Jan 4, 2004
Cochrane, AB, Canada
Since we are at the outset of a brand new year, and I am freezing in Canada instead of at our center in Santa Rosa de Copan, Honduras, at the moment, I though it appropriate to create a bit of a review of what transpired this past year.
1. In February we launched our art programs with the local House of Culture via the sponsorship of the Finnish government. We also relaunched our sewing program early in the year and started a ladies cooking class (which has evolved into a kids cooking class).
2. In March a medical team came down and spent a busy week pulling teeth, treating clients in 3 different villages, teaching proper dental care and handing out hundreds of toothbrushes and toothpaste, and teaching various seminars on nutrition, etc.
3. Another small group of volunteers came down in April to help launch the great wall of Copan (otherwise known as our retaining wall). About 6 weeks after they left we finnished building this monstrous concrete wall with the work of neighborhood youth and a sometimes working little cement mixer.
4. In May UNICEF notified us verbally that they had approved a small grant to help us build the basketball court. In November we finally started actual construction on this and now are 50% poured. (Why so long? Please don't ask.)
5. In May we also started working on the warehouse and shop behind the center. We just finished the roof, electrical, windows and stucco in November.
6. In May we started meetings with politicians in Tela and nationaly regarding putting a center in an abandoned building there. We finally lost this project in late November due to a change in government plans.
7. In August the Peace Corps approached us about assigning a volunteer or two to our center for 2 years. In early November, Andrew Blandford, finally came to stay. He is just like me -- around 6'6" and somewhere over 200 lbs (OK, I'm about 1/2 those) and loves basketball. Between Drew and Alma, they are keeping activities and programs running while I am up here in Canada on work trips. Drew also brings a lot of new ideas that will be fun to see come to life.
8. In September we celebrated Day of the Child with about 200 kids present. The exciting part was that the day was run by locals with me mostly only interfering with a camera to take pictures. Even the governor of our state came by to manage the destruction of several piñatas and host a quiz time complete with prizes.
9. We had one presentation in May and another in December for the Casa de la Cultura. Our kids strutted their stuff in art, music and drama to packed houses of parents, friends and dignitaries. They did an excellent job in November for a delegation from UNICEF and city hall as well.
10. In early November we were able to distribute a large quantity of quilts that had been hand sewn in Cochrane. Our basic requirement to receive a quilt was the absence of shoes. In other words, if you owned shoes you were not eligible for a quilt. This despite rainy temperatures in winter down to about +6 Celcius.
11. In early December I was introduced to a group of youth from a church on the far side of town that have agreed to cooperate with us on special events at the center to not only have fun, but to honor God as well.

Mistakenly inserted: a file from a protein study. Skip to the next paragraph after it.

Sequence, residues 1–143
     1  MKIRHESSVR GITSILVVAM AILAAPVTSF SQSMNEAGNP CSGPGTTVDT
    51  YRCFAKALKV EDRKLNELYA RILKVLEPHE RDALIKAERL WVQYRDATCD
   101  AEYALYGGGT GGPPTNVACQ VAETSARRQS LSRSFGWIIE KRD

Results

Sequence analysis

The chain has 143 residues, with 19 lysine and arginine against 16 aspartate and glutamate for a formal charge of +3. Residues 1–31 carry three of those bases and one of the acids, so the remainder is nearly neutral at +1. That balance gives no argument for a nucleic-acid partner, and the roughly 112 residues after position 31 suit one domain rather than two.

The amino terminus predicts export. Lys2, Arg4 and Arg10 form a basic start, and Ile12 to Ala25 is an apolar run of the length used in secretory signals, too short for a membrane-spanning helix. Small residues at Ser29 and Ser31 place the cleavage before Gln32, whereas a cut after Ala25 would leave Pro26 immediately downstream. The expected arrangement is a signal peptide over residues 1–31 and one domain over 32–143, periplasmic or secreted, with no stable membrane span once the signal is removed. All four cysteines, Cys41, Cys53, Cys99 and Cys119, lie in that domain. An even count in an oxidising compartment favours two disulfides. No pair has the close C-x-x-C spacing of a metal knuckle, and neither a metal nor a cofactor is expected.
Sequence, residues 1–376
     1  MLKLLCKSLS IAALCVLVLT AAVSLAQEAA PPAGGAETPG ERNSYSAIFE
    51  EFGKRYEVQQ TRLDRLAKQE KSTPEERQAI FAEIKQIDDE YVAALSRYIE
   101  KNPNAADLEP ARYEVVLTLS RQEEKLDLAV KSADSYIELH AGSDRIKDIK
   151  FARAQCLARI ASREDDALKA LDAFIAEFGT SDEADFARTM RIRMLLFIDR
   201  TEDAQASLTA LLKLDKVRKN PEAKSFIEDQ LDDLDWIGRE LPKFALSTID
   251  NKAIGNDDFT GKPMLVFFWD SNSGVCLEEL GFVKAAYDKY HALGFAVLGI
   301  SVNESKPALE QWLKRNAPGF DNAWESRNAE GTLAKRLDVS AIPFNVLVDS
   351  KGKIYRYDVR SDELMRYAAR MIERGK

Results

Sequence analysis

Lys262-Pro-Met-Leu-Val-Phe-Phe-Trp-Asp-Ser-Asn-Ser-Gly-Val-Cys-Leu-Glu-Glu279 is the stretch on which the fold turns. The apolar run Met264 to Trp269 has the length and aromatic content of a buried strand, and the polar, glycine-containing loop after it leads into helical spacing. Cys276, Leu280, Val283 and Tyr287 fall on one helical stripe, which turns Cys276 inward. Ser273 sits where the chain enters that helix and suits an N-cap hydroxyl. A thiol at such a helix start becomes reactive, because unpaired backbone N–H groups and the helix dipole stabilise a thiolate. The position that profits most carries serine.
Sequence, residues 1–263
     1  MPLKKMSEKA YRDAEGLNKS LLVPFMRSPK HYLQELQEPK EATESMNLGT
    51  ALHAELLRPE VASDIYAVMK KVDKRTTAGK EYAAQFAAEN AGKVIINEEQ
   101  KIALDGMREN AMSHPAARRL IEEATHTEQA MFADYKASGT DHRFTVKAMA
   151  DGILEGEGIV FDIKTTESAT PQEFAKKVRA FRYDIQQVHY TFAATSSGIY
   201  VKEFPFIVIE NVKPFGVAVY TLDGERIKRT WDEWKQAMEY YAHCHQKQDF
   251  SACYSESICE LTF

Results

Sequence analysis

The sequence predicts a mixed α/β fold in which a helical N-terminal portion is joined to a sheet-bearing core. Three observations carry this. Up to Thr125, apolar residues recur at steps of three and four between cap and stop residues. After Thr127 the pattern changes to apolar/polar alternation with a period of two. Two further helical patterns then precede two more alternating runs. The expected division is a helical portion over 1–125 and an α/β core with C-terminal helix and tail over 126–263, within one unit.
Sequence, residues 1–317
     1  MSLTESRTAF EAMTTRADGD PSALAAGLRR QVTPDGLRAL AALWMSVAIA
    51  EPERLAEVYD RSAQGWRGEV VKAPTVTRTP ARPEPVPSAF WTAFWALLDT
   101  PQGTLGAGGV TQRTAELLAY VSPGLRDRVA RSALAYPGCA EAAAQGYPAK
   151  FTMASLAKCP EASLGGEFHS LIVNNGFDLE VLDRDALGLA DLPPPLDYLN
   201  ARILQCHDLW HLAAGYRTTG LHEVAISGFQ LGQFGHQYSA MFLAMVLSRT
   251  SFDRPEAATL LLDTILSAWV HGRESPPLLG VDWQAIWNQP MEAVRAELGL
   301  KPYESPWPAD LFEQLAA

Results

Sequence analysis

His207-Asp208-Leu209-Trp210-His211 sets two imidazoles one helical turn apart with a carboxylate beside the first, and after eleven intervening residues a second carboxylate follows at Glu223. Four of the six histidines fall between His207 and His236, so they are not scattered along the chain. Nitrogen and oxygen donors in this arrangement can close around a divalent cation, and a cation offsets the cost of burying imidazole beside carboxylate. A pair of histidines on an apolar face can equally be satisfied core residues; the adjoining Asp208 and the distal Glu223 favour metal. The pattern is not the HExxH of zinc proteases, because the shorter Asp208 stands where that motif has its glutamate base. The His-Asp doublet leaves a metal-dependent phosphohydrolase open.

Looking forward through 2004:
For the upcoming year we are planning another medical trip in the springñ it looks like we'll be assisting a group from the University of Maine in March on a short project trip; there is another English student who is planning to come down for a couple months in late spring to help out with the Jesus Film project; another large group is coming down from Central Alberta in July and then I have a nervous breakdown scheduled for August. Should be fun! We will finish our multi-sport court in February and if we can raise the support for the tools, we will launch the carpentry class in our shop in the spring as well.
A second major project is in the works for a replica of our model center in another mountain town about 40 minutes away. So far we have great unofficial support from the mayor of the city as well as the Peace Corps. Now we need to get the balance of funding together and make sure we have someone qualified to run it.
I want to take this opportunity to thank all of you who participated in our trips to Honduras this past year. I know there are lots of more comfortable places that you could visit for normal vacations as opposed to investing some of your time and costs to help out communities less fortunate your own. I also want to thank those who have financially supported us -- we recognize that it is God Who looks after us, but it is accomplished through the obedience and sacrifice of people like you and I.
Our budget in Honduras has been Cdn$2,000 per month and that includes all of our program costs, Alma's and my wages as well as the funds that we keep using for building things like our retaining wall, sidewalks, the shop and the warehouse. We place a very high level of emphasis on the integrity with which we manage the resources that God grants to our stewardship. As we are looking towards the launching of another center this year, we want to encourage you to keep us in your prayers and your support when possible and recognize our need to keep this aspect of our organization a little more in the forefront.
God bless and all of us at 3CM wish you the very best for 2004.